I occasionally dip my toe into the constant Internet flame wars over the generous term "vaccine skepticism," and the less generous "vaccine denial." If you’re looking to see one of these quickly, Twitter always has some ongoing vaccine fireworks. The character limit of Twitter tends to compress the exchanges into hurled invectives, only occasionally punctuated by futile pleas for calm. Many quickly devolve into exchanges between posters of what they believe to ...

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For many centuries medical practice was a black art. What physicians did was based upon theories of how the body worked that turned out to be fanciful at best, dangerous at worst. The late nineteenth century brought breakthroughs in the biological sciences, such as the identification of bacteria and new understandings of physiology, which increasingly placed medical practice on a scientific basis. That process has continued over the past 150 years, ...

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Those of us who work in pediatric intensive care have frequent encounters with the problem of suicide and attempted suicide. It has seemed to me for some years that the numbers are increasing, and this has been shown to be the case. After years of declining, the suicide rate in our country has been increasing, now at about 125 percent of the rate of several decades ago. This increase ...

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A fairly recent article in the Journal of Pediatrics is both intriguing and sobering. It is intriguing because it lays bare something we don’t talk much about or teach our students. It is sobering because it describes the potential harm that can come from it — harm I have personally witnessed. The issue is overdiagnosis, and it’s related to our relentless quest to explain everything. "Overdiagnosis" is the term the authors ...

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We do many things in medicine to patients that are either not helpful or have the potential to harm. If you take the long view of medical history, this should not be surprising. After all less than a century ago, physicians were still giving toxic mercury compounds to people in the form of calomel. And a century before that, physicians were bleeding people because they thought that was a good ...

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Should school boards discontinue support for high school football? That’s the provocative title of a recent article in Pediatrics, the journal of the American Academy of Pediatrics. The background to this controversy is the increasing recognition that chronic traumatic encephalopathy (CTE), a severe and debilitating brain problem first identified in former professional football players, can have its beginnings in college or even high school football ...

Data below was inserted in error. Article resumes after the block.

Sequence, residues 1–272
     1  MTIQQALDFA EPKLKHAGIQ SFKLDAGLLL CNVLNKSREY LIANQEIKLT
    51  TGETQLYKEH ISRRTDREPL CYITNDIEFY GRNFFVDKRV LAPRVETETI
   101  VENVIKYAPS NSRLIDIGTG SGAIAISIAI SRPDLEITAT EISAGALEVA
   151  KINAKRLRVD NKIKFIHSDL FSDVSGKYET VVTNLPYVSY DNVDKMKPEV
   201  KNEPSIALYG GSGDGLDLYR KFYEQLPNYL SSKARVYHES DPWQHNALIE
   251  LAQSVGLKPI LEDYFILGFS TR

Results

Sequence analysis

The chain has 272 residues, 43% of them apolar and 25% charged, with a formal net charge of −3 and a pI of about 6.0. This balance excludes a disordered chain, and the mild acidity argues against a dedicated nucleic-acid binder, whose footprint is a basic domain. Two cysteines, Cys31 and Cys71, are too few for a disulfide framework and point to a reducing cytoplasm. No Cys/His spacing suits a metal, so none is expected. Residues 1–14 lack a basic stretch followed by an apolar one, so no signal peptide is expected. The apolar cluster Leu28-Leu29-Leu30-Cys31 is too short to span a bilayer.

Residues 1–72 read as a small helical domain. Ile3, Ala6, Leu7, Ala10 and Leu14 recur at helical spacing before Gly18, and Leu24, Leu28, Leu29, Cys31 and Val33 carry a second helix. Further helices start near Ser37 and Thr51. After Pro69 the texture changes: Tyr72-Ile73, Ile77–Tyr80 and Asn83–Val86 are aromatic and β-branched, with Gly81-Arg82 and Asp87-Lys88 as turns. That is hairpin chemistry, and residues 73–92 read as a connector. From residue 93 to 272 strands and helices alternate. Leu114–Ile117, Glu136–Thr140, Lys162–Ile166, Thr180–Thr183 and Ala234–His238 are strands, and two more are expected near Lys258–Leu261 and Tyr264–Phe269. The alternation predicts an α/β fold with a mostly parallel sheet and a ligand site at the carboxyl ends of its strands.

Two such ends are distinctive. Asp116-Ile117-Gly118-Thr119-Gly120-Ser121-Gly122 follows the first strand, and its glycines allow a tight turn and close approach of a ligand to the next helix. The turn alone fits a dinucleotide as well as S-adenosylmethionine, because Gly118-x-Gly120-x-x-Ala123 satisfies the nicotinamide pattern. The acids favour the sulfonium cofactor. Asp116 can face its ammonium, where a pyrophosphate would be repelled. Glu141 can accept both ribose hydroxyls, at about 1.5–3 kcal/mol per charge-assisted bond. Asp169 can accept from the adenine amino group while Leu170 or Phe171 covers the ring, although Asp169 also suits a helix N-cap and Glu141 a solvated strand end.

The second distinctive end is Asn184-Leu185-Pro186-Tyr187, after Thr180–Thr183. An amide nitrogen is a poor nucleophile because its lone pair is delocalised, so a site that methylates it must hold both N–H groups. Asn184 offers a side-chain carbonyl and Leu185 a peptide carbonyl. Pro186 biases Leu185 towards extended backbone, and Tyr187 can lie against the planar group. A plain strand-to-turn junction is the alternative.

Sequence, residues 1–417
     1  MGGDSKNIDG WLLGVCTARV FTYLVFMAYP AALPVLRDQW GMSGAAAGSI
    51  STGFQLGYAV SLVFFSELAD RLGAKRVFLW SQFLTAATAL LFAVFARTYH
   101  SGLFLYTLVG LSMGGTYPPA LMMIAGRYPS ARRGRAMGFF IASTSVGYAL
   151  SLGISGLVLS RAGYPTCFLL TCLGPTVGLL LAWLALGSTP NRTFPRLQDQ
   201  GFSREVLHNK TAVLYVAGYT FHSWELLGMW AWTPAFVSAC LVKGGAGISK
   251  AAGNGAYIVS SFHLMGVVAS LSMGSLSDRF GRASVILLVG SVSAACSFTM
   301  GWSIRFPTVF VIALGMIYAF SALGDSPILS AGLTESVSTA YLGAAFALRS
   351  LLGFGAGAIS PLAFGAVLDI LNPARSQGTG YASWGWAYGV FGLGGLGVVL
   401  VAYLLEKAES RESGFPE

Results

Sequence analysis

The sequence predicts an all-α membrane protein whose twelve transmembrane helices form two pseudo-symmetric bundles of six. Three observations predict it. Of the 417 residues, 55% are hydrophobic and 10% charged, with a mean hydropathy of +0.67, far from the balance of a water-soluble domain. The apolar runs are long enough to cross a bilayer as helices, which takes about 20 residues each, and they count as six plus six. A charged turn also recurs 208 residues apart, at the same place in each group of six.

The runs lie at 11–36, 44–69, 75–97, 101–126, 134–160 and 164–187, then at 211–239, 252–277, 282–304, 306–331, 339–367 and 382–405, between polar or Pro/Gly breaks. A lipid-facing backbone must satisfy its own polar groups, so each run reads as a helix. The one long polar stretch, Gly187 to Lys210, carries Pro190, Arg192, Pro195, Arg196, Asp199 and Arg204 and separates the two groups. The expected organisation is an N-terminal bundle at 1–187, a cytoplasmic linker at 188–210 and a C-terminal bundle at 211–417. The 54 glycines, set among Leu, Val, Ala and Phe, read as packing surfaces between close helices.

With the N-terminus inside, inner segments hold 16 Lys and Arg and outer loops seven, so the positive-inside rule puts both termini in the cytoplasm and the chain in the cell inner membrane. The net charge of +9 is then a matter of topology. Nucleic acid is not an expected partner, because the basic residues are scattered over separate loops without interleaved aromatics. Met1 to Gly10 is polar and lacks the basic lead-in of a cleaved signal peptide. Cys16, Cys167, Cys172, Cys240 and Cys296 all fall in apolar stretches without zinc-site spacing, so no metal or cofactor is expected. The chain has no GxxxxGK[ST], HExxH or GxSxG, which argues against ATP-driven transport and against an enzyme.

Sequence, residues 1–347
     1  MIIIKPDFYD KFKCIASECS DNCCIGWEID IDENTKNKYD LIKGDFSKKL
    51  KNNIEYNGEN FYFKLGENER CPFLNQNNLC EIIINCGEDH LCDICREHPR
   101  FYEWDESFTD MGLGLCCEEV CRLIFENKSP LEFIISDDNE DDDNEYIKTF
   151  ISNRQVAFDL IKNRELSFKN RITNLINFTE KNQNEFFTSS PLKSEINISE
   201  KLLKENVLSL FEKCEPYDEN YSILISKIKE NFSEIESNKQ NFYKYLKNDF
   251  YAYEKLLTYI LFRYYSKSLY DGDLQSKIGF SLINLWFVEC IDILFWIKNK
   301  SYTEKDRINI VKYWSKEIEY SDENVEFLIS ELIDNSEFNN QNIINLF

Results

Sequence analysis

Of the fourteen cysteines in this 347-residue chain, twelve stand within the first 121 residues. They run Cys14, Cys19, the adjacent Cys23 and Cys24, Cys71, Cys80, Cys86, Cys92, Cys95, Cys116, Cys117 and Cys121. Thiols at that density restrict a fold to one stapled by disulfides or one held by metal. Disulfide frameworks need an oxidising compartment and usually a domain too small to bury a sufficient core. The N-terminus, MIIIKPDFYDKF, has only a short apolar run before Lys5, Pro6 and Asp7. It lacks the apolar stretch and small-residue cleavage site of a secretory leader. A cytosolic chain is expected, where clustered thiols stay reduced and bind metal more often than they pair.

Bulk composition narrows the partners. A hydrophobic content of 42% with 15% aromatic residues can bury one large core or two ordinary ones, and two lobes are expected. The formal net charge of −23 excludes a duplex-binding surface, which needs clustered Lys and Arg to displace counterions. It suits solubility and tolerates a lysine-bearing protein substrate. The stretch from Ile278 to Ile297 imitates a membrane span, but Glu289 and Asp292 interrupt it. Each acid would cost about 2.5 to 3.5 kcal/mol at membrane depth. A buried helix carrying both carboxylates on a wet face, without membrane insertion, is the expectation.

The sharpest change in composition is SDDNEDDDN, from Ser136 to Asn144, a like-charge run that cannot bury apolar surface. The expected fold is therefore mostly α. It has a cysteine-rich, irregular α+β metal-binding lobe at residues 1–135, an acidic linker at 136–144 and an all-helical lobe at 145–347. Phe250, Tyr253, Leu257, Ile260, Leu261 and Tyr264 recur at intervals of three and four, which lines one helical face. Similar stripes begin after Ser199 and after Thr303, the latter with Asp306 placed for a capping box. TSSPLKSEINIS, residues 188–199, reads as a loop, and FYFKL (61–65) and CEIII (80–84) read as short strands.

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Sometimes an interesting thing happens on patient rounds. Rounds are a traditional exercise in hospitals going back at least a century. In the old days, this meant the physician going from patient to patient. He (it was nearly always he back then) went over the patient’s progress with the bedside nurse, examined the patient, reviewed pertinent test results, made an assessment, decided on a plan for the day, and gave ...

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Asthma is a complex, chronic lung problem that now affects nearly 10 percent of all children. Both the incidence of new cases and the prevalence of ongoing cases in the pediatric population have been rising steadily for years, although there are hints these increases may have leveled off. A wealth of research suggests a huge part of asthma causation comes from the environment the child lives in, things like air quality and exposure to various ...

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A manifesto has been making the rounds on Twitter (and other places) over the past year. It has been attributed to Dr. Mike Ginsberg, a California pediatrician. It reportedly was originally a Facebook post that has since been taken down, perhaps because of the controversy it generated. I can understand why; vaccines are a hot button topic, and anyone who writes about them attracts attention, some of it unpleasant. I know ...

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I found this study to be absolutely fascinating. The link is to the abstract; the complete article is behind a paywall, but I can get it for anybody who’s interested in reading the whole study in detail. Its title is “Fundamental frequency variation in crying of Mandarin and German neonates.” I have always assumed, like most people I suspect, that babies cry the same the world over. When they’re uncomfortable or ...

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